A slow strengthening of K'Ronar's sun, matched by Empire's long twilight, had left much of paradise a wasteland. Ruined cities of a hundred emperors now lay forgotten beneath the sands, while from the towers of A'Kan, proud capital to every dynasty since the First, the encroaching desert could be seen, held at bay just beyond the expensively maintained barrier of lakes and parks.
"We're on remote," said L'Wrona, pointing to the helm controls, which now responded to the landing programming of Prime Base's computers.
Piercing a wispy gray-white cloud layer,
came in low over the K'Zan Desert and turned north, following an ancient dry river bed.
" 'R'Shen, mighty daughter, who drank the blood of slaughter,'" said DTrelna softly, watching a scan of the cracked, brown wash.
"I didn't know you were a poet, J'Quel," said L'Wrona.
"I'm ashamed to say it's all I can recall," said DTrelna.
"Prespace, isn't it?" said N'Trol.
The commodore nodded. "An epic poem by S'Hko, commemorating a battle at that river. They fought with swords and bows then, gentlemen, and put an end to the Slavers' Guild. S'Hko says the waters of the R'Shen ran red for days." He looked up from the screen. "An important place, the R'Shen—men died there in a good cause."
"We're being landed in Seven Blue, area one three nine two," said K'Lana, turning from her console.
"What's that? A hundred t'lars from FleetOps?" said DTrelna. "Why not land us in the K'Zan and have us walk out?"
They came in over the southeastern perimeter of Prime Base, drifting on silent n-gravs past the defense perimeters—line after line of missile and gun emplacements, hardened, shielded, deep set in the sand—then over the landing field and ships of every size and type: cruisers, destroyers, scouts, interceptors, all sitting on the black duraplast field, sunlight shimmering on their hulls. Except for the occasional maintenance vehicle, nothing moved.
"War's over—everyone's gone home," said L'Wrona, shaking his head. "Combine T'Lan's done its job well."
"Let's see if we can fix that," said DTrelna as
settled with a faint whine onto an isolated stretch of duraplast. "And Combine T'Lan."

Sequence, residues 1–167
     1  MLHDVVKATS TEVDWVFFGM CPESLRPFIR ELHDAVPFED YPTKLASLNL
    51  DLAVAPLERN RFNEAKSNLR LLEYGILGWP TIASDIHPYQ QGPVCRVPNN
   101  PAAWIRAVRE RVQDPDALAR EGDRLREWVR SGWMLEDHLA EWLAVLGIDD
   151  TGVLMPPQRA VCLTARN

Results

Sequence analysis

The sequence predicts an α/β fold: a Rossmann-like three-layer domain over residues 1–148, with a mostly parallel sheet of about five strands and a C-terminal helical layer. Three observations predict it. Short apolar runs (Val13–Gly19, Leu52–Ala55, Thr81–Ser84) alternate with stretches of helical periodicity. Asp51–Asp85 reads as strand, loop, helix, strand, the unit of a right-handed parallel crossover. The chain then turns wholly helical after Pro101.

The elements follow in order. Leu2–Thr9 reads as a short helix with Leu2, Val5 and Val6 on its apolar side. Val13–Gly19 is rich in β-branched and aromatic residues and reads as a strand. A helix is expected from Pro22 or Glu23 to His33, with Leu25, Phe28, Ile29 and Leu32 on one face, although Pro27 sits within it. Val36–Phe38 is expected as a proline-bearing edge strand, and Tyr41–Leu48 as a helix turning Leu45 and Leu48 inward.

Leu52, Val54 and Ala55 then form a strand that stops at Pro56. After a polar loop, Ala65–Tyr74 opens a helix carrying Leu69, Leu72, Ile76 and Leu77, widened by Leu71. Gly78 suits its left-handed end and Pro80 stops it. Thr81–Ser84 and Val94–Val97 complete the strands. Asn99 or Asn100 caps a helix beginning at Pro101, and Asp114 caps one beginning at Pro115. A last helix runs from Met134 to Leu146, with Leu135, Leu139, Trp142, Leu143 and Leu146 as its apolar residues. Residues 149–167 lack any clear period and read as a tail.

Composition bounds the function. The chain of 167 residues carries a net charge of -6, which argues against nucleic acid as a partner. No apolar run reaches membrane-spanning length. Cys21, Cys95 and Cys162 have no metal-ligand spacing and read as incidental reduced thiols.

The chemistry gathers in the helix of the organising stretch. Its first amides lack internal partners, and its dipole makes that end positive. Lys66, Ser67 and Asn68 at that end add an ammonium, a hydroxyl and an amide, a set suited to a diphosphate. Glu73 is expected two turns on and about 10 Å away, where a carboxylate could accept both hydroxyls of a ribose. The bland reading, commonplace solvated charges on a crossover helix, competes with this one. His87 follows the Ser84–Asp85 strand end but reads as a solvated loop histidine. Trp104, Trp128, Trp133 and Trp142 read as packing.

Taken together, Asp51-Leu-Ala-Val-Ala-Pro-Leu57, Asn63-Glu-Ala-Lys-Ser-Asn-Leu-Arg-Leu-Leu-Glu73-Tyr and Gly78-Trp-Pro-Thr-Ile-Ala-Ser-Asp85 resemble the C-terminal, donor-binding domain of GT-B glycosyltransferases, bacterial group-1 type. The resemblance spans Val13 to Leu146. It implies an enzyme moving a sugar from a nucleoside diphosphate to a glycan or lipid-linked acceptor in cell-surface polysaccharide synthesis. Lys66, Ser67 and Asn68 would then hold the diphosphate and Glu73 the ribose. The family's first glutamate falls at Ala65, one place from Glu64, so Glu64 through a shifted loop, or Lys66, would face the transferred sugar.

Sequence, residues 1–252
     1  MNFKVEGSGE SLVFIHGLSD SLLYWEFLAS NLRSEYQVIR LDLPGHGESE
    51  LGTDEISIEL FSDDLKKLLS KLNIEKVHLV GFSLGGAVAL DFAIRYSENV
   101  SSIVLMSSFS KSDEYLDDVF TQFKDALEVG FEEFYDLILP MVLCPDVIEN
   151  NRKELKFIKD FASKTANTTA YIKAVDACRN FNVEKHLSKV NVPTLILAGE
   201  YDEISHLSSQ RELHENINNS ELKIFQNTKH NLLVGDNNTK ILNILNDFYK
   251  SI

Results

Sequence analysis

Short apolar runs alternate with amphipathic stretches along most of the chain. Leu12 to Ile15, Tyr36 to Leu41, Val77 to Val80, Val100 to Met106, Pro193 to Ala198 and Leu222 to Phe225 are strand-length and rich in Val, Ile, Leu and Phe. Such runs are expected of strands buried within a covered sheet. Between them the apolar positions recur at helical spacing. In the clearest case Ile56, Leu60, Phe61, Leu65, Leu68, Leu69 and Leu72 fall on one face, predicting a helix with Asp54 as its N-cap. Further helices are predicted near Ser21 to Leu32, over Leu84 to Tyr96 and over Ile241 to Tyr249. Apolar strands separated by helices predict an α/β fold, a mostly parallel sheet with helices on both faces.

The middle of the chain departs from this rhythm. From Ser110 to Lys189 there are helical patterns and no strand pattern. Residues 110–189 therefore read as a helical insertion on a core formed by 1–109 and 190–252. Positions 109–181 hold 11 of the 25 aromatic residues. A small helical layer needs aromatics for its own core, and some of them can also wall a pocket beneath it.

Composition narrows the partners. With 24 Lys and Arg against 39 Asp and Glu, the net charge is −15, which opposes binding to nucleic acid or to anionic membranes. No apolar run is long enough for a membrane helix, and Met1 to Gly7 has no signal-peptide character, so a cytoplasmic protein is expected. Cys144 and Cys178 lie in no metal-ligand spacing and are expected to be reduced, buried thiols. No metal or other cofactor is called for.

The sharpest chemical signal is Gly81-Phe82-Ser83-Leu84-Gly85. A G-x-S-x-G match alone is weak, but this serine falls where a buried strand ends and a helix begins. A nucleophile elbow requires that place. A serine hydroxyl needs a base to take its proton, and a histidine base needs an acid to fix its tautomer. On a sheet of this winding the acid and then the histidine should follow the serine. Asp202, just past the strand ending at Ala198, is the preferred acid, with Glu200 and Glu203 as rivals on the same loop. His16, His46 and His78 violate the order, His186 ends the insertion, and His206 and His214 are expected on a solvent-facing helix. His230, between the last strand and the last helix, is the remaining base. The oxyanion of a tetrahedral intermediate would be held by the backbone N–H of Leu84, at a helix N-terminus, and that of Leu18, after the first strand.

"Admiral G'Yar for the commodore," said K'Lana.
"Who?" said L'Wrona,
DTrelna touched the commlink. "Good afternoon, sir," he said to the face appearing in his commscreen.
"You and Captain L'Wrona will remain with the ship, Commodore," said the admiral, a sharp-faced man with a thin, disapproving little mouth. "Your crew will dismiss and muster out—personnel carriers are on the way."
"One will do, Admiral," said DTrelna. "They only hold fifty, Commodore." "Just the right number, Admiral." DTrelna smiled.
"You lost over two hundred crew?!" exclaimed G'Yar, eyes widening.
"They're not lost, sir. We know where they are."
The Admiral tried to say something, failed, finally found his voice and snapped, "You will remain with your ship, sir." The commscreen blanked.
"Just who the hell is Admiral G'Yar, H'Nar?" asked DTrelna, swiveling his chair toward the captain's station.
L'Wrona was watching the complink, frowning at the data scrolling slowly past. "According to this—and it's two years behind —G'Yar was a commander in Fiscal. Direct commission, no war service."
"A politico," said DTrelna. "He shouldn't be allowed to even sweep the floor in FleetOps, yet he seems to be Officer-in-charge."
"Ground vehicle approaching," said a pleasant, asexual contralto—ship's computer. "A personnel carrier, unarmed."
"Shipwide," said DTrelna, opening the commlink. "This is the Commodore. We're home. FleetOps says you're to be discharged —they've sent a carrier for you. Take your time, gather your things. Captain L'Wrona and I will say good-bye to you at"—he glanced at the groundscan—"airlock fifty-nine, deck eight."
"I've got to help bed down the engines," said N'TroI, leaving the engineering station. The armored doors hissed shut behind him.
Captain and commodore looked at each other, then around the bridge with its array of empty consoles. "You and me, H'Nar," said DTrelna into the silence, looking back at L'Wrona.
"A long and bitter war, J'Quel," said L'Wrona, rising. "I only wish it were over —that we were leaving this ship never having heard of an AI or the Fleet of the One."